6 Types of Yoga to Improve Your Life: Which One is Right for You?

Yoga is an ancient Hindu discipline that has been practiced for thousands of years and evolved into several accessible modern forms. This widespread mind-body practice has many potential health benefits.

Studies have found that yoga can help lower blood pressure and ease low back pain. It’s also been shown to improve energy and reduce pain in people with arthritis. Yoga can also improve strength and flexibility. 

6 Types of Yoga to Improve Your Life

Below read the types of yoga and decide which one is right for you?

Hatha yoga

Style: gentle. Hatha is another word for yoga, but it will often be a very soft, easy-going practice if it’s not more precisely defined. Typically, hatha yoga is not vigorous or sweaty. These yoga classes are among the least challenging.

Ashtanga yoga

Style: intense. In Ashtanga yoga, students practice the same sequence of 41 vigorous postures or asanas, individually and at their own pace. A teacher is present to demonstrate or assist as needed.

The primary series begins with a simple sun salutation and ends with a headstand and lotus. Beginners usually start with classes led by a teacher, and it can take up to three months to master the positions. Ashtanga yoga is for students who want a challenging and disciplined practice.

Bikram yoga

Style: sweaty. Also known as “hot yoga,” Bikram is among the most polarizing of the yogas. You either love practicing in a heated 105-degree room on a sweat-drenched yoga mat, or you hate it.

A series of 26 postures devised by Bikram Choudhury, this form of yoga includes several challenging standing balance poses. Unlike other yoga practices, there are no inversions such as headstands. 

Proponents say the heat allows for a more fantastic range of motion and a better workout. But it’s critical to stay hydrated during Bikram yoga. This practice is not for anyone with chronic health issues like multiple sclerosis or heart conditions.

Vinyasa yoga

Style: freestyle. Vinyasa is the most common and popular yoga. It involves a flow sequence of postures and breaths designed by an individual teacher. Generally, a good vinyasa class will begin with a few sun salutations to warm up, followed by the teacher’s choreographed sequence, which could be gentle or vigorous.

Some vinyasa yoga classes incorporate chanting and meditation. Types differ significantly depending on the teacher, so new students may want to try out a few different instructors to find the style they like best.

Iyengar yoga

Style: precision. Iyengar is among the least sweaty and the most precisely detailed of all yoga practices. As opposed to vinyasa, there is no flow from pose to pose. Emphasis is put on the exact positioning of each posture, which is held for several minutes or longer.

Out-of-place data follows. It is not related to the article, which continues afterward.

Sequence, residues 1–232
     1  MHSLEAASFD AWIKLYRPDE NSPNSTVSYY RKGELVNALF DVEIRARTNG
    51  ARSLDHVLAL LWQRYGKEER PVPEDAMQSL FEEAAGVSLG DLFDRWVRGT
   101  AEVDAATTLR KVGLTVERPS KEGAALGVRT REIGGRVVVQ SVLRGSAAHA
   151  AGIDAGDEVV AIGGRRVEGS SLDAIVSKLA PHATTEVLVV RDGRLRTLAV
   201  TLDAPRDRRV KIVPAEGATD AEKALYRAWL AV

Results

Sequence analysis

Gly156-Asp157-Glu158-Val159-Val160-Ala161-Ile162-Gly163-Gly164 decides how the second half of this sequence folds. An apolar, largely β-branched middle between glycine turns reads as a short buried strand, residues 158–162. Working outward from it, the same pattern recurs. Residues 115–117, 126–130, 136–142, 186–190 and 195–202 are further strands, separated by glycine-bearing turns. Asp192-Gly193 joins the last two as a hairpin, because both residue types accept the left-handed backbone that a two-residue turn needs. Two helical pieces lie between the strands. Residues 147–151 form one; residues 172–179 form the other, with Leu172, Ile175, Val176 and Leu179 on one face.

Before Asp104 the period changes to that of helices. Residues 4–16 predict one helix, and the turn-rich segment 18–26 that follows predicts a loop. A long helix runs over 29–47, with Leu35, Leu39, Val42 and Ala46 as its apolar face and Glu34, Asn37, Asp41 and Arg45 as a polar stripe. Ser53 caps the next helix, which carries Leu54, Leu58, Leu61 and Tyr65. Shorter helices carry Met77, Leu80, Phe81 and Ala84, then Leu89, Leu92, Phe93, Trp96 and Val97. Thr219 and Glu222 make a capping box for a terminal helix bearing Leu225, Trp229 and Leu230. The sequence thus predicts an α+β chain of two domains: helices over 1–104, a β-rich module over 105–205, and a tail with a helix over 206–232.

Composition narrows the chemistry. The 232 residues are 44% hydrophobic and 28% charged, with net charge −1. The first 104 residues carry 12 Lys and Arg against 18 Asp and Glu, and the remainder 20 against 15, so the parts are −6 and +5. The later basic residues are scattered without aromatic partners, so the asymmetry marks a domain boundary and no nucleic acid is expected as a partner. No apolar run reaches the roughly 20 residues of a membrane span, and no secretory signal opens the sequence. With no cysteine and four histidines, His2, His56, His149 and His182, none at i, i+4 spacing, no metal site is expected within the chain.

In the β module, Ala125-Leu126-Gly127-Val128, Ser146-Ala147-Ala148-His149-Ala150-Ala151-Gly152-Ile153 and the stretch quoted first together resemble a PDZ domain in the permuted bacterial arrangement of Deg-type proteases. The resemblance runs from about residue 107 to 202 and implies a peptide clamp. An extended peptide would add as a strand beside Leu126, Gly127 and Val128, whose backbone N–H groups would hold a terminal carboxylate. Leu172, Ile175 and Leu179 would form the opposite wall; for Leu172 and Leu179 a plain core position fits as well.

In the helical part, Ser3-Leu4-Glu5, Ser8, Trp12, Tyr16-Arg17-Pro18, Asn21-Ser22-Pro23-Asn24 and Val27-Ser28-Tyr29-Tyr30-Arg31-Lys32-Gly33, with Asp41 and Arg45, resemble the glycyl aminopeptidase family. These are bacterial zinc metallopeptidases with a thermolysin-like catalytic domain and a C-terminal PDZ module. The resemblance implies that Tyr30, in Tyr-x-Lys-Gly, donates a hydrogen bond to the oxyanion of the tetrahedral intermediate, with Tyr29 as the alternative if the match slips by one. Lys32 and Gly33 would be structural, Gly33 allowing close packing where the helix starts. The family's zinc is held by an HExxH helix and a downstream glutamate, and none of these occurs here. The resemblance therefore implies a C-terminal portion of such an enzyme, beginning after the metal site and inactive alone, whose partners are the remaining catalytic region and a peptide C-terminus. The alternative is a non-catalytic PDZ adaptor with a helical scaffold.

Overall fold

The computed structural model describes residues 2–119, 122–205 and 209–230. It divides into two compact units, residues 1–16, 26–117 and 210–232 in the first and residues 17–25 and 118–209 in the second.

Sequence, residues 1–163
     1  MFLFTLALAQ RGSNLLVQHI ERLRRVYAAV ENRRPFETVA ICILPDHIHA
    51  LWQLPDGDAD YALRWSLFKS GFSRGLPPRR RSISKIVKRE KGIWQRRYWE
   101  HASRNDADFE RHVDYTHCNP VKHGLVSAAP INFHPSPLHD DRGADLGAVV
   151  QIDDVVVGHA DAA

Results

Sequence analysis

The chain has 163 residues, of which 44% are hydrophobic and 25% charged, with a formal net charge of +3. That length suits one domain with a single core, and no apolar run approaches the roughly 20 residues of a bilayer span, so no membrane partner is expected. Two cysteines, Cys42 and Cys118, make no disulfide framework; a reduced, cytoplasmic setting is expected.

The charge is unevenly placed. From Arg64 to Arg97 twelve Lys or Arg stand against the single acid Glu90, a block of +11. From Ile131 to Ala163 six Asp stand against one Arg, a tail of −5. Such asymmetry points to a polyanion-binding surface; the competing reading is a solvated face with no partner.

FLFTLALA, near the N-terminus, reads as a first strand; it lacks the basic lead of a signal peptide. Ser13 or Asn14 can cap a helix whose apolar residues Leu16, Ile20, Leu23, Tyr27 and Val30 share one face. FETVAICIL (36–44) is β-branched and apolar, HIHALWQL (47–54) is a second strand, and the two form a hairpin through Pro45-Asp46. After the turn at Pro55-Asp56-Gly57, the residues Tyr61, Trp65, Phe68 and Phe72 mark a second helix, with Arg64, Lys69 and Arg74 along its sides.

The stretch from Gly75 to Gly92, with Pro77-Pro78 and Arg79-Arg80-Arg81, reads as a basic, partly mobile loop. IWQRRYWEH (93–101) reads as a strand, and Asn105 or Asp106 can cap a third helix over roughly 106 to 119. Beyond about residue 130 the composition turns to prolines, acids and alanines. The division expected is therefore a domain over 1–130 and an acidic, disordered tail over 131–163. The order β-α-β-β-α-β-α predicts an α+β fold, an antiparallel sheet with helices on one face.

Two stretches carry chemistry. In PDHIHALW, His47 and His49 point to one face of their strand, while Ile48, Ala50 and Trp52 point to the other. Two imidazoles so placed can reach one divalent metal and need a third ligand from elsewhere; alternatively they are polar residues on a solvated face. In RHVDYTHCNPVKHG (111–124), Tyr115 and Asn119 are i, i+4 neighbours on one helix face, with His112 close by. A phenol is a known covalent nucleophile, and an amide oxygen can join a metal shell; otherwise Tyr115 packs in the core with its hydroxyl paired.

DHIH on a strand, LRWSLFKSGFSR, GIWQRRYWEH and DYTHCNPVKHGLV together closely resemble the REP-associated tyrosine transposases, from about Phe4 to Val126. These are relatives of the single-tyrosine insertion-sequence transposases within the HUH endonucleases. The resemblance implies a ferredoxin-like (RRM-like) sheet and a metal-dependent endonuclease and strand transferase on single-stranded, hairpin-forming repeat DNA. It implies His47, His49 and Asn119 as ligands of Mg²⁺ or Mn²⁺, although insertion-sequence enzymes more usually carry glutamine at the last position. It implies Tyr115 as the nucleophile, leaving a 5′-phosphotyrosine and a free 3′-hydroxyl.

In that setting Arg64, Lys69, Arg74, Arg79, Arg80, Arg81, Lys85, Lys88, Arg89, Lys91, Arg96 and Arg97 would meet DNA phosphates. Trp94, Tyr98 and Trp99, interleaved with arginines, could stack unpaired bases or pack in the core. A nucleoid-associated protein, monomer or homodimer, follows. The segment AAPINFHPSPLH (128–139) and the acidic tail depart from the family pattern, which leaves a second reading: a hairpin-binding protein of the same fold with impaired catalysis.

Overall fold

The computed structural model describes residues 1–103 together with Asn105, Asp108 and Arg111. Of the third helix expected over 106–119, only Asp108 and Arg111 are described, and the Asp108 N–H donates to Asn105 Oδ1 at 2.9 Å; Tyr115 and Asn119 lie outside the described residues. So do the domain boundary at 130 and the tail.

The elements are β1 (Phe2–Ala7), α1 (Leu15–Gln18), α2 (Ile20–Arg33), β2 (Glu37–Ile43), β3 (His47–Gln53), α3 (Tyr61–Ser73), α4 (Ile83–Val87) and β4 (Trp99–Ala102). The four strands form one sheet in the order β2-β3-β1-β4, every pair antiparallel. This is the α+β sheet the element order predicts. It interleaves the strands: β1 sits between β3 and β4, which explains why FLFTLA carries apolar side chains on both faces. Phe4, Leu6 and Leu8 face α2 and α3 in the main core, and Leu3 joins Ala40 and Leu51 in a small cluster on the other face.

For example, students may be asked to imagine holding eggs under their armpits without breaking them in a simple standing pose. Iyengar yoga often uses bolsters, straps, blocks, and blankets to help students perform the postures correctly.

This yoga practice is ideal for those seeking to master posture positioning and alignment.

Power yoga

Style: Type A. Power yoga is a general term used for challenging, fitness-based yoga adapted from Ashtanga and vinyasa yoga but free of particular posture sequencing.

Teachers choreograph their flow sequence, which is generally vigorous and might include other fitness exercises and standard poses. Power yoga is the minor spiritual type of yoga, typically with no chanting or meditation.

As with vinyasa yoga, it’s advisable to read teacher bios or try a few different teachers to find your best fit.

How to get started with yoga?

Below are eight tips to help guide you to the best yoga teacher and practice.

  1. Find a beginner-level class and take it several times; it may take a few sessions to decide if the practice is for you.
  2. Read teachers’ bios on a studio’s website to gauge their sensibility and choose one that feels right.
  3. Teachers should be certified by the National Association of Yoga Teachers at either a 200-hour or 500-hour level.
  4. Tell the teacher of any injuries or health conditions so that they can provide modifications.
  5. Take it easy to begin with. Intense overstretching may lead to injury and discomfort and prevent you from returning.
  6. Don’t be shy. Even in the middle of class, ask questions if you aren’t clear on the posture. Most teachers will come over and help.
  7. Listen to your gut. Find another if you don’t like a teacher or feel the teacher is reckless. All yoga teachers are not created equal.
  8. Studios provide yoga mats, but you may want to have your own if you practice yoga regularly.

I hope you got a lot of benefits from these types of yoga.


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